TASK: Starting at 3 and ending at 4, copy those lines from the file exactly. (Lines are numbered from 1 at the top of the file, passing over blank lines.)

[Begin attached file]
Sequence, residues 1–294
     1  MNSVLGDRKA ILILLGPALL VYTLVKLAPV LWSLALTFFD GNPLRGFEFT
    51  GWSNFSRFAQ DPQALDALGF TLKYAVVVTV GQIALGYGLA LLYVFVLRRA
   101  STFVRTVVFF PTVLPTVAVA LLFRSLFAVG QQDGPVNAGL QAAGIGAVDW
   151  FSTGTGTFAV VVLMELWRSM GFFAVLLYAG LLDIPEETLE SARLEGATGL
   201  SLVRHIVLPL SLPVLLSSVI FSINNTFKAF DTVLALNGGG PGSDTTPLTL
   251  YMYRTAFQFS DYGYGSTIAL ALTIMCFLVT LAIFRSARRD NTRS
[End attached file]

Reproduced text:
    51  GWSNFSRFAQ DPQALDALGF TLKYAVVVTV GQIALGYGLA LLYVFVLRRA
   101  STFVRTVVFF PTVLPTVAVA LLFRSLFAVG QQDGPVNAGL QAAGIGAVDW